Dutton considering 'several' white South African farmer visa applications

Peter Dutton has denied claims his Coalition colleagues, including Malcolm Turnbull and Julie Bishop, advised South Africa to ignore his remarks on refugee visas for the country's white farmers.

Mr Dutton has revealed he is considering "several" applications from South African farmers who are seeking humanitarian protection in Australia, denying South Africa's claim his offer to help white farmers had been "retracted". 

The minister hit back at South Africa's foreign minister for suggesting the Australian government had withdrawn Mr Dutton's controversial offer to give "persecuted" white farmers from South Africa "special" consideration for refugee visas

South Africa Foreign Minister Lindiwe Sisulu had earlier said Prime Minister Malcolm Turnbull and foreign minister  Julie Bishop had made a "retraction" of Mr Dutton's comments. 

"We have received a letter from the [Australian ministry of] foreign affairs that indicated that what was said by the minister of home affairs is not the position of the government of Australia," foreign ministry spokesman Ndivhuwo Mabaya told AFP.

In comments to Guardian Australia, the same spokesman said South African officials "could not believe” Mr Dutton's comments had been accurately reported and sought clarification from the foreign minister, Julie Bishop. 

“When the minister of foreign affairs says judge us on our policy, that’s what we will do, not [on] what politicians will say ... the policy does not say what Mr Dutton says,” Mr Mabaya told the Guardian.

“Our strong relationship with Australia goes back to the time under apartheid and today we can take the letter from the ministry and move on to focusing on beating the Australians in the next Test.”

On Tuesday, Mr Dutton said he had seen the letter but strongly denied the claim it amounted to a retraction. 

"I'm not sure what domestic issues are at play in terms of the politics in South Africa that would bring this comment out but it's not based on any factual statement of anyone within the Australian government," he told Sky News.

SBS News has asked the South African foreign office for a copy of the letter, but such documents are rarely made public due to the convention of privacy in diplomatic communication. 

Mr Dutton said the government's position was "as I stated it a couple of weeks ago". The minister has not suggested a new visa for white South African farmers but suggested they be considered for existing refugee and humanitarian visas.

"And in fact we're having a look at several now," he said.

The South African spokesman said their foreign office had also received an effective retraction from the prime minister, via Australia's ambassador. 

"We also had a meeting with the high commissioner [ambassador] who conveyed a message from the prime minister, who said the same thing, to indicate that this is not the view of their government," Mr Mabaya said.

Hours later, a spokesman for Australia's Home Affairs Minister told The Australian that South Africa’s comments did not "accurately reflect" the position of Mr Turnbull or Ms Bishop.

"There was no rebuttal of the words of Minister Dutton," the spokesman said.

A spokeswoman for Ms Bishop told SBS News: "The Prime Minister and the Ministers for Foreign Affairs and Home Affairs have been clear and consistent in reiterating that Australia’s current humanitarian visa program is non-discriminatory, with each application assessed on its merits. The program can accommodate those fearing persecution."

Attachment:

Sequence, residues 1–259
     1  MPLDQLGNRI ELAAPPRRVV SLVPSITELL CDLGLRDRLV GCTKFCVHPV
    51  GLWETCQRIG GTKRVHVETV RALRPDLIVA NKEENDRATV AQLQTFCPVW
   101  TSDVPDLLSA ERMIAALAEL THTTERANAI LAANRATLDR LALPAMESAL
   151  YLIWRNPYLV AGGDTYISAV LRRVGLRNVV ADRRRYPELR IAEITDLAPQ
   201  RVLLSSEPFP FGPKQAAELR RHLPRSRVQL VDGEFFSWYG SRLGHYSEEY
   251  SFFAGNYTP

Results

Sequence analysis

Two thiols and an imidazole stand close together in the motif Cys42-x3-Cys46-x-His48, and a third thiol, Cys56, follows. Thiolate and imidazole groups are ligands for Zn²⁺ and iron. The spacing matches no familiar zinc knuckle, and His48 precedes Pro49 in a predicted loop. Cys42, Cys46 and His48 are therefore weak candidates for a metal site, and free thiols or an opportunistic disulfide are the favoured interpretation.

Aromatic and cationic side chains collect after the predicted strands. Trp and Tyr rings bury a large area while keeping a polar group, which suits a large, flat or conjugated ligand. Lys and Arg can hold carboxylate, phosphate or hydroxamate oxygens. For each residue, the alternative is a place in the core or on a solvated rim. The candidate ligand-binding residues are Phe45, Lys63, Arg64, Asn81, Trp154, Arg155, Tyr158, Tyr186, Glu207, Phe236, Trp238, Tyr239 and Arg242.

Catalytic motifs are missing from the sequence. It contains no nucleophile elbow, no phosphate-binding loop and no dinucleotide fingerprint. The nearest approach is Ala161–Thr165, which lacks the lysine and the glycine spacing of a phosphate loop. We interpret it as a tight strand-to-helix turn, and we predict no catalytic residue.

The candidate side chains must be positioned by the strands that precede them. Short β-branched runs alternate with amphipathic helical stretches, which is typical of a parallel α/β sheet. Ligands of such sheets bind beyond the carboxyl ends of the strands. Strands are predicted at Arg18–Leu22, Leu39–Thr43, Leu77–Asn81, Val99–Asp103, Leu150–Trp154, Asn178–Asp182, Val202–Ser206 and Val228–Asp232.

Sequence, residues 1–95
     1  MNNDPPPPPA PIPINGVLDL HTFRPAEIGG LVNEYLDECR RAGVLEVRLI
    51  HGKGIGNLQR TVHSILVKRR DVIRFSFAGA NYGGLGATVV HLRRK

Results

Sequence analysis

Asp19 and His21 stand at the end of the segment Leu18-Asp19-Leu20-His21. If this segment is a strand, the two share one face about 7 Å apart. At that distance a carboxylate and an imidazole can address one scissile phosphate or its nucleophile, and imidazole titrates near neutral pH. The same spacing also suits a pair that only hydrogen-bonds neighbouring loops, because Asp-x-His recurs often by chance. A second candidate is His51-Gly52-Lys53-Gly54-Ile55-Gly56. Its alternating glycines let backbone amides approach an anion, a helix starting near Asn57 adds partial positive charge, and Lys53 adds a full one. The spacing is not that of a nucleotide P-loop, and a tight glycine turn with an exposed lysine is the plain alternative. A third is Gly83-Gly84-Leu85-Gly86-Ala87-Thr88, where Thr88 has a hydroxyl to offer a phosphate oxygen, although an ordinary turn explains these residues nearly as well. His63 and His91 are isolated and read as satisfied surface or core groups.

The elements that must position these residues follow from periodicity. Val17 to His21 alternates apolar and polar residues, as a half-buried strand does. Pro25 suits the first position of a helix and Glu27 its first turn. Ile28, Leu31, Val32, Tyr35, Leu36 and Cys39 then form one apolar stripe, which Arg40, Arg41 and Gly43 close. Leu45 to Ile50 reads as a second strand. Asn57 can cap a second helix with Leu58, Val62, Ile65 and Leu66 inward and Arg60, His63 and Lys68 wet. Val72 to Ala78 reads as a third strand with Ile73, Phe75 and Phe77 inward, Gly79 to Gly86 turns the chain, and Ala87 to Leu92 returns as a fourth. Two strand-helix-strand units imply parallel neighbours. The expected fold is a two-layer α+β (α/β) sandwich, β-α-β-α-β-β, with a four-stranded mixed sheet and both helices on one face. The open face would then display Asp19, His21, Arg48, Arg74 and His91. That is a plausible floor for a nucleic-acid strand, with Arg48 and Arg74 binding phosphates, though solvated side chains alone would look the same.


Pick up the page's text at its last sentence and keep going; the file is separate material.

Opposition leader Bill Shorten said he "didn't know" what was motivating Mr Dutton's comments, but then said they were an appeal to conservatives within the Coalition to improve his chances of securing the leadership one day. 

"If Mr Dutton wants to enter a beauty parade to win the right wing of the Liberal Party for votes in the future to undermine Mr Turnbull, that's a matter which is up to them," the Labor leader told reporters in Melbourne. 

Mr Turnbull said South Africans who felt persecuted at home could apply for a humanitarian visa to come to Australia like anyone else.

"It is non-discriminatory and it is a very generous program, people in South African who feel that they have been persecuted are certainly able to apply, there is no question about that," Mr Turnbull told ABC Radio.

Mr Dutton's original comments did call for "special" consideration under the existing humanitarian program, and the Home Affairs deparment confirmed it was considering "potential resettlement" offers for persecuted minorities. 

Foreign minister Julie Bishop said there were no plans to change the "non-discriminatory" nature of the refugee visa, but said she was "working with the home affairs minister to ascertain if any changes are needed". 

Mr Dutton's offer to help settle persecuted farmers in a "civilised country" like Australia drew an angry response from South Africa, kicking off a diplomatic row. 

Mr Dutton's comments have found support among conservatives in the parliament. Backbench Liberal Andrew Laming and independent Fraser Anning, once of One Nation, spoke at a march in support of white farmers in Brisbane recently. 

Senator Anning told SBS News he would support any move to extend special consideration, describing the violence as an attempted "genocide" of white South Africans. 

with AAP

Published 3 April 2018 at 11:04am, updated 4 April 2018 at 2:15pm
By James Elton-Pym